IMMAG Updates

January 2018

Welcome to the monthly update for the Iowa Manure Management Action Group (IMMAG) Web site. This update is provided as a service to inform you about changes made to the IMMAG Web Page or items of interest dealing with manure management and air quality from animal feeding operations. If you wish to subscribe to this mailing please click here. You may also view this update with direct links on the CURRENT NEWS site on IMMAG.

Follow iowamanure on Twitter Follow the Iowa Manure Management Action Group on Twitter at @iowamanure.


Managing Snow in the Feedlot

By Shawn Shouse, ISU Extension Ag Engineer

Snow accumulation is an unwelcome but unavoidable part of managing open animal feedlots in Iowa.  If snow is not removed, it can reduce animal performance, lead to increased mud, and increase manure loss from the feedlot surface.

Photo 1Collect feedlot snow with a loader, box scraper or blade as soon as possible following significant snowfall.  If necessary, pen snow may be stockpiled temporarily in the pen.  Be sure to remove the snow from the pen before melting conditions occur.  Store the collected pen snow outside the pens, but within the runoff collection system for the feedlot.  Pen snow will contain manure and should be inside the runoff collection system to capture that manure as it melts.  Snow from driveways and clean areas (without manure) should be stored outside the runoff collection system.

A few inches of snow in the feedbunk may not interfere with feeding and consumption.  Larger amounts should be removed with a shovel, bunk blower or bunk brush.

Ice and snow accumulation on the feedbunk apron or around water fountains can lead to footing and consumption issues for animals.  Remove this accumulation with a loader or other mechanical scraper.

As snow begins to melt, monitor your runoff control system to be sure ice is not blocking runoff pathways, pipes or pumps.

Where snow accumulation problems are severe, windbreak fences and shelterbelts upwind from the feedlot can help trap snow outside the feedlot.  Consult design guidance information for locating and building snow fences and shelterbelts.

The sooner snow is removed from feedlot pens, the easier it will be to manage.  Snowmelt creates extra problems for animals, pen surfaces, and runoff control systems.  Protect your profit and water quality with extra attention to snow management in your open lot.  For more information, see this bulletin from North Dakota State University.

Electronic Filing of Iowa DNR Manure Management Plan Short Form

Iowa DNR has begun the process of electronic filing of the “Short Form” and the associated payments for its manure management plans. Short Form refers only to the updates to the Manure Management Plan. A rule amendment allows Manure Management Plan updates and payments to be submitted electronically became effective on November 15, 2017. Iowa DNR will begin accepting electronic submittals starting in Spring 2018. A webinar to discuss more details about this process is scheduled for February 28, 2018. Interested stakeholders are requested to pre-register for this webinar by visiting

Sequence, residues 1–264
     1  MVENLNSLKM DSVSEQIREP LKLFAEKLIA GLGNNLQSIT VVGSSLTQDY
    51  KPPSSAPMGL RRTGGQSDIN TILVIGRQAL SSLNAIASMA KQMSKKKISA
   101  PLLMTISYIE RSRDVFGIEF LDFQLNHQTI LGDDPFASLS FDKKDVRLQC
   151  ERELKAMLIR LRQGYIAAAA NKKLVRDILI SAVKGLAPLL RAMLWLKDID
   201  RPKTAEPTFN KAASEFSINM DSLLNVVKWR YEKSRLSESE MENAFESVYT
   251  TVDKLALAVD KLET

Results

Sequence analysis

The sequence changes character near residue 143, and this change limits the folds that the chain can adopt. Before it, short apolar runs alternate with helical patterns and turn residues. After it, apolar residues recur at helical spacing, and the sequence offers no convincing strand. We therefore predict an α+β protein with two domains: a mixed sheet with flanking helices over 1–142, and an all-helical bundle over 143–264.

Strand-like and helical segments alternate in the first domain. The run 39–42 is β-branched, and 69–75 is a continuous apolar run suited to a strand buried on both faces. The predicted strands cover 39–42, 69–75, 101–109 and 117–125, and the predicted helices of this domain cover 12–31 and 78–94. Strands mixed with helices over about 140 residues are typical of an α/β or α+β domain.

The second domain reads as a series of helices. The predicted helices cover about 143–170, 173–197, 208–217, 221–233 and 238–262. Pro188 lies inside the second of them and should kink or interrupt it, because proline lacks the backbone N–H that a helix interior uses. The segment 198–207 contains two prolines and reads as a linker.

CERCLA reporting required for some livestock and poultry farmers: Update

PhotoLivestock and poultry farmers above a certain size may have to report emissions of ammonia or hydrogen sulfide. In December of 2008, EPA published a final rule that exempted most farms from certain release reporting requirements in CERCLA (Comprehensive Environmental Response, Compensation, and Liability Act) and EPCRA. Since that time, this ruling was challenged in the U.S. Court of Appeals and on April 11, 2017, the court struck down the final rule, eliminating the reporting exemptions for farms. EPA has sought additional time from the court to delay the effective date, so that EPA could develop guidance materials to help farmers understand their reporting obligations. On November 22, 2017, the DC Circuit Court of Appeals granted EPA’s motion to further stay the mandate until January 22, 2018. Farms with continuous releases do not have to submit their initial continuous release notification until the DC Circuit Court of Appeals issues its order or mandate. This mandate is once again delayed, at this point we recommend determining what your status is and how you need to respond when the mandate is issued.

What the current rule requires under this court decision is that farm owners/operators will need to complete CERCLA reporting if the farm releases more than 100-pounds of ammonia or hydrogen sulfide within any 24-hour period. Although the farm could choose to report any time this threshold is exceeded, due to the regular and continuous nature of livestock farms, the recommended method of reporting is the umbrella-type “continuous release” report.